America is facing many threats, they aren’t the ones that we commonly identify as the biggest threats but, the reality is that these issues are at the core of many things happening in our country today. There has been much debate surrounding gun control in our country, but it does not address the larger issue of violent crime in the United States in general. We are basing our argument on the tool used to orchestrate the offense instead of focusing on the real societal issue. This is not a pro-firearm discussion nor is it anti-firearm, this is to point out the larger issue of violence in the US.
If we look at our nation’s crime statistics, which have decreased over the last ten years according to the Federal Bureau of Investigation’s 2013 crime statistics (FBI 2013 Violent Crime Statistics), we will see that in 2011 the number of violent offenses was 1,206,005 and according to the Bureau of Justice that 478,400 of the violent crimes committed involved firearms, but more importantly both reporting agencies have shown a decline in both violent crime and firearm based offenses over the last ten years. Which does indicate that current measures are having some impact on violent crime in the United States. But, without the 2015 data being available yet we will have to wait to see if the trend continues. So, the real question remains “why do we still have so much violent crime?”, to answer this we will have to look at the circumstances surrounding violence and what impact it has on violence.
Crime and Education: How Education Reduces Crime
This is not a discussion centered on education, but more to the effect of how education affects crime rates in the United States. According to Columbia University “Increasing the high school completion rate by just 1 percent for all men ages 20-60 would save the U.S. up to $1.4 billion per year in reduced costs from crime.” and “A one-year increase in average years of schooling reduces murder and assault by almost 30%, motor vehicle theft by 20%, arson by 13% and burglary and larceny by about 6%” (tc.columbia.edu). The connection between education and crime has been long understood, it does not eliminate crime but, by allowing access to more opportunities, education does reduce criminal activity. The majority of the education budget does go to elementary and secondary education, according to The US Department of Education. US education system performing better statistically, according to The Institute of Education Sciences in 2012, the average graduation rate was 81% versus 74% in 1990. These numbers correlate with the violent crime statistics drop, as graduation rates increased the crime rates also decreased. Education is a very important factor affecting crime rates in the US. According to Lochner and Moretti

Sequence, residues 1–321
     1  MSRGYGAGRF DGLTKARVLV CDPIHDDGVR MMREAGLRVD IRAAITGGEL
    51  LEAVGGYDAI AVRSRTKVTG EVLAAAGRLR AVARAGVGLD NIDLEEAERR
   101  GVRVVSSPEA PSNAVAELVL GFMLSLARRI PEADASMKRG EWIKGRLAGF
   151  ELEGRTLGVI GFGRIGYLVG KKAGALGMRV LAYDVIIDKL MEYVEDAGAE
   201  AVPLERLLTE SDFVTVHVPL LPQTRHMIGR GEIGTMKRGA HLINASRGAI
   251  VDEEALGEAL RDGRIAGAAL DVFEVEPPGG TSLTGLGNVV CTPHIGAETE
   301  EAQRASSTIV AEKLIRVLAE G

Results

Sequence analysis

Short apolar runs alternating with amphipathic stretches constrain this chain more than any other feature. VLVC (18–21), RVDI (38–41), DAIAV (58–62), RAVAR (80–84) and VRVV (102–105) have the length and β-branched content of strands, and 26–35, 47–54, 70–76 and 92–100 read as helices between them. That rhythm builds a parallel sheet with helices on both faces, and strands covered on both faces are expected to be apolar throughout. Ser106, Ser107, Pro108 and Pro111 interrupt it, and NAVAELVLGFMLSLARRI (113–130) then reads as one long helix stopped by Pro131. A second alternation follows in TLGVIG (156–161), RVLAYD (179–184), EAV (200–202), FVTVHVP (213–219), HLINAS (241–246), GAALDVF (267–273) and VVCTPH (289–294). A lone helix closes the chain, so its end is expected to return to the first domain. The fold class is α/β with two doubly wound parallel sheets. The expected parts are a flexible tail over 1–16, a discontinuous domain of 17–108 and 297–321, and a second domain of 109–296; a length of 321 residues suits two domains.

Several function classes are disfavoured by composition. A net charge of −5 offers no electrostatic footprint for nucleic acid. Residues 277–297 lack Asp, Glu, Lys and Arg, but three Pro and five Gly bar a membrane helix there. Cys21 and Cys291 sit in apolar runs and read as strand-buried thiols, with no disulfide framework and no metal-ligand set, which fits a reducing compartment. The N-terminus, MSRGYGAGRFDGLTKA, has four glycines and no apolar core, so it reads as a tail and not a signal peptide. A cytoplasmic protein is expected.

“There are a number of reasons to believe that education will affect subsequent crime. First, schooling increases the returns to legitimate work, raising the opportunity costs of illicit behavior.2 Additionally, punishment for crime typically entails incarceration. By raising wage rates, schooling makes this ‘lost time’ more costly. Second, education may directly affect the financial or psychic rewards from crime itself. Finally, schooling may alter preferences in indirect ways, which may affect decisions to engage in crime.” Lochner and Moretti
We can see that education does impact crime in a variety of ways and our continued focus on increasing access to education and supporting continuing education for students is important if we would like to see a continual decrease in criminal activity in the United States. The US educational system is currently facing issues that need to be addressed, but this is not the forum to address those issues.